January 1, 2023 Letter

Dear Neighbors:

I hope your New Year is off to a happy and healthy start. With the General Assembly scheduled to begin its next session this week, I am pleased to resume my (mostly) weekly letters to inform you about issues we will be facing. In this week’s letter, I will provide an introduction to the State’s school aid funding formula.

Introduction to the School Aid Funding Formula

Last year’s State budget appropriated over $1 billion in aid to local school districts, including more than $277 million to the Providence Public Schools. State aid is allocated based principally upon a formula originally adopted in 2008 and modified slightly over time. In 2014, the General Assembly conducted a formal review of the formula, inviting public comment. At that time I submitted as a private citizen a Report with Exhibits advocating for changes to provide more equitable State aid for urban core school districts. 

This year, the Senate’s leadership has announced its intention to review the formula to determine what modifications, if any, are appropriate. In this week’s letter I will provide a general introduction to the current formula’s basic principles and design. In future letters, I will discuss how the current formula as implemented diverges from its founding principles, and how possible amendments can improve it.

A.     Four basic principles of the current formula

The current funding formula is based on four basic principles.

           1-2: Developing a foundation budget for each school district.

The first two of these principles support the calculation of a “foundational” school budget, which is designed to represent the cost of education per student as follows:

1.     The formula calculates a “core instruction” budget that represents that average cost to educate a student without any special needs.

In this year’s budget, the State developed a per student core instruction budget of approximately $11,050.

2.     Next, the formula makes an adjustment in the per student education cost for the additional needs of certain students, such as those in poverty, multi-language learners, etc.      

The funding formula increases the per-student budget by 40% for each student whose family’s income qualifies for free or reduced lunch.

Based on these two principles, the formula develops a “foundation budget” for each school district by tabulating the sum of its per student costs, depending upon the special needs adjustments indicated for particular individual students.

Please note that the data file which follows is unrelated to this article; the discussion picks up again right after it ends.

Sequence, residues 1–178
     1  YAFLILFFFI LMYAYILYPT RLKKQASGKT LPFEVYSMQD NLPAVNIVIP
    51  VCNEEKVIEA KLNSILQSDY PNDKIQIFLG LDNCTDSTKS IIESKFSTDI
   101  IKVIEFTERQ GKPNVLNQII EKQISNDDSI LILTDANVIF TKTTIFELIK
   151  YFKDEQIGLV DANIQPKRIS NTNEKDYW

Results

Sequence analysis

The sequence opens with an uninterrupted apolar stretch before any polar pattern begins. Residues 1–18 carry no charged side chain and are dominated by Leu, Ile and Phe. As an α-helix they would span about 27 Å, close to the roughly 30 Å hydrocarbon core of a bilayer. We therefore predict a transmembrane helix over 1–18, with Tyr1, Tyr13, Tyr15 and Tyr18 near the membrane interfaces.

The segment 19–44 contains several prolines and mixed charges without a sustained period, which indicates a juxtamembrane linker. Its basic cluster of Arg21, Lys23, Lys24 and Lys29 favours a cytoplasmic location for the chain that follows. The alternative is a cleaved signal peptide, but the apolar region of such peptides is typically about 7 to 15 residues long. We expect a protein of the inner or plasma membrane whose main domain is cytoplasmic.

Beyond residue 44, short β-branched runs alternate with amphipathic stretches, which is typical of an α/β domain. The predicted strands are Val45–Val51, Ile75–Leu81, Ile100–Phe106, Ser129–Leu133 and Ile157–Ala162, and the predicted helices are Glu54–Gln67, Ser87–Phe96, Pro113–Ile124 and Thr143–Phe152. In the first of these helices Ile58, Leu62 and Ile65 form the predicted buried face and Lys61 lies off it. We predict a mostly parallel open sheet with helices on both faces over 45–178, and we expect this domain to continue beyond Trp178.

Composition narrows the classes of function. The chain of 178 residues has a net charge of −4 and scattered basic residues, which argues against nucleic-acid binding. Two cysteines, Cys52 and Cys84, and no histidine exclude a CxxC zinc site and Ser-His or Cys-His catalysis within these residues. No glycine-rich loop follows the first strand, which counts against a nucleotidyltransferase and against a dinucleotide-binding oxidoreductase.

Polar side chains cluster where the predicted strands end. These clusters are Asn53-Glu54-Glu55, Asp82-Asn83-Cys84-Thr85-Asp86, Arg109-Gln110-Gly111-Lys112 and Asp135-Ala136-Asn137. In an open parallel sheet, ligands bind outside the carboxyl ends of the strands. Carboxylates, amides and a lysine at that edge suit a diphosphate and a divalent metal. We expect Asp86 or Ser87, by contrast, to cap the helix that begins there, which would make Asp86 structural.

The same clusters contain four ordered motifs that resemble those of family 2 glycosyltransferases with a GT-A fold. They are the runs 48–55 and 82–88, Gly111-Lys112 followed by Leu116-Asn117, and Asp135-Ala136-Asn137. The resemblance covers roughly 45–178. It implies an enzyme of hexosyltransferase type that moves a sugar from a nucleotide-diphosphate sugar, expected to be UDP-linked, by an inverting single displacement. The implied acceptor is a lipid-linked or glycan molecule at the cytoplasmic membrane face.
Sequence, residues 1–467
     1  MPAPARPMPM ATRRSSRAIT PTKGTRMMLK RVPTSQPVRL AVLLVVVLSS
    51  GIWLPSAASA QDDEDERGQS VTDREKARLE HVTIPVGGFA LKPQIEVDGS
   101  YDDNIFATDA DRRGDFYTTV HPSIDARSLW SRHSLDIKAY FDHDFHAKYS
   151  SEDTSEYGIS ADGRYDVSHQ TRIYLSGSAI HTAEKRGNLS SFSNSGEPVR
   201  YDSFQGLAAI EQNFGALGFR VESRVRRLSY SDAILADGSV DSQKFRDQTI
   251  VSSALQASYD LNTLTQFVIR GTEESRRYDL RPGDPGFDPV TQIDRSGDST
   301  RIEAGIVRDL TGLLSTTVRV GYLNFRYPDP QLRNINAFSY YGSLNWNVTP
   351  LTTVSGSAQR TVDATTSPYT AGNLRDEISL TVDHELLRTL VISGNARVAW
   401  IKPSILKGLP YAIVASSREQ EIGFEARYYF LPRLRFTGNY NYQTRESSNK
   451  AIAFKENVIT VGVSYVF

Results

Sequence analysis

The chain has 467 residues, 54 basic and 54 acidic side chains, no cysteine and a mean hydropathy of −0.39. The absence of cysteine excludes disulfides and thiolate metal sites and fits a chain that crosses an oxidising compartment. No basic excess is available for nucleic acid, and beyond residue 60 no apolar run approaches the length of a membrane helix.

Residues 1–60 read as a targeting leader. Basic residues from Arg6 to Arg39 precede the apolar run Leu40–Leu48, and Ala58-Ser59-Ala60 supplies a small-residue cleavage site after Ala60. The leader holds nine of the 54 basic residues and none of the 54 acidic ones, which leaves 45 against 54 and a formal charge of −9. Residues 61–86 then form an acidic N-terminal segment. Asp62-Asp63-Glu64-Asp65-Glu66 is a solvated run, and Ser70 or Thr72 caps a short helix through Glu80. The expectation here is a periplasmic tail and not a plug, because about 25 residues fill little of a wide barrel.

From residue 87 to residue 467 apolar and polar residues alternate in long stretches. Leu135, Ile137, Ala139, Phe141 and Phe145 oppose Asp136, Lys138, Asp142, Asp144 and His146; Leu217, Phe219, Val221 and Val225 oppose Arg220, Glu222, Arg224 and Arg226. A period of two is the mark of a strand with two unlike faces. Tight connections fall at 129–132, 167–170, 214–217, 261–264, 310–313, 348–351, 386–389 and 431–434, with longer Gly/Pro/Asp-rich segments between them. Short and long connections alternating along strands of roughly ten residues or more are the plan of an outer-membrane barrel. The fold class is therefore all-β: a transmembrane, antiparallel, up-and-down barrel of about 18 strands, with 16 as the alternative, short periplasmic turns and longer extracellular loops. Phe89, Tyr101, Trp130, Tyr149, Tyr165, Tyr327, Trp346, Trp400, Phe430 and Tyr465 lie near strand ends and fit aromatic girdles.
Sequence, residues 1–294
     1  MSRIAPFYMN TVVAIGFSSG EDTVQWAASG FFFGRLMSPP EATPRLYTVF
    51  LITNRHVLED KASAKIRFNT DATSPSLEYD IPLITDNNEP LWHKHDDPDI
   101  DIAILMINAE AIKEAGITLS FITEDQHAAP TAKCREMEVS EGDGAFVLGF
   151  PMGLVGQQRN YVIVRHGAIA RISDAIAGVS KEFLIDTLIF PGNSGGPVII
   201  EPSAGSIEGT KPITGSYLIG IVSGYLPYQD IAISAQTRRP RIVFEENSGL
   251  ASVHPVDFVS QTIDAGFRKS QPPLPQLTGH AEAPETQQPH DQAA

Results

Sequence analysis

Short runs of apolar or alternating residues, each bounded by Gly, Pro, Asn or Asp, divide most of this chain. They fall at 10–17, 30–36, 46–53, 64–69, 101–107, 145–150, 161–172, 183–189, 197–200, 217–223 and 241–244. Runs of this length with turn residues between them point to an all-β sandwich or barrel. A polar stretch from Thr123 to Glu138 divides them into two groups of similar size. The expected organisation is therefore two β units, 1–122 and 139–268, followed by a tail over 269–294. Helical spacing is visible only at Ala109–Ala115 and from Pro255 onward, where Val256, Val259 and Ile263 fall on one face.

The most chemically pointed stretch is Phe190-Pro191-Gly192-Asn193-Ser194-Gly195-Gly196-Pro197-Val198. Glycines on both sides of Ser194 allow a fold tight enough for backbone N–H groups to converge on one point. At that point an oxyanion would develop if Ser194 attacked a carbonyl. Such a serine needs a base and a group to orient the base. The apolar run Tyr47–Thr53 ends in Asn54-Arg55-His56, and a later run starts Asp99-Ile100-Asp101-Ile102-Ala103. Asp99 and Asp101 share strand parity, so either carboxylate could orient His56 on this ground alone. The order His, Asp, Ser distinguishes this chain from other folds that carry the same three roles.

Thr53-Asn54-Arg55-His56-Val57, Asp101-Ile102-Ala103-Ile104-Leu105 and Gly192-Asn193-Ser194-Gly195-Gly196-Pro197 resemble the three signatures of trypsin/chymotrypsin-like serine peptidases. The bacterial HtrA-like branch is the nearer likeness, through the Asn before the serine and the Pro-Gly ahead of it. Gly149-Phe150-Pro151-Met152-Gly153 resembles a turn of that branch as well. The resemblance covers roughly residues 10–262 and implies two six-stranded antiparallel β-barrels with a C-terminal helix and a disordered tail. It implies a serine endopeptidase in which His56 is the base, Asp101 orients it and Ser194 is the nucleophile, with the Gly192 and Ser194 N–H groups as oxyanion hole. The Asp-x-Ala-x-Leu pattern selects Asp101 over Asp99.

3-4: Allocating the cost of the foundation budget between the State and local school districts.

The third and fourth principle of the State’s funding formula calculate how the cost for the foundation budget will be shared between the State and the local school district. It consists of two components:

3.     First, the formula decides what percentage of the State’s overall foundational budget will be paid for with State funds, and what percentage will be paid for by school districts in the aggregate. This determines the total amount of State aid to be distributed under the formula.

While there are some nuances here, the basic division amounts to a 50/50 split of the payment of the core instructional budget between the State and the aggregation of all of the State’s school districts.

4.     Then, the formula allocates the overall level of State aid among local school districts based upon their ability to pay.

To calculate ability to pay, the funding formula relies primarily on a comparison between the size of a school district’s property base divided by the number of students who must be supported by local taxes. According to my unofficial calculation using State data, the average Rhode Island school district had, in 2014-15, almost $900,000 of taxable property for each public school student; however, that varied widely across different communities. For example, in 2014-15 Narragansett had more than $4 million per student in taxable property, while Providence had less than $300,000 per student.  

These four basic principles are, at a very broad and general level, similar to those in many other state education aid funding formulas across the county and a reasonable starting point to develop a fair and equitable funding formula in Rhode Island. In future letters, I will describe how the current version of Rhode Island’s formula diverges from the basic goals of these four basic principles, primarily to the detriment of Providence and other urban core school districts.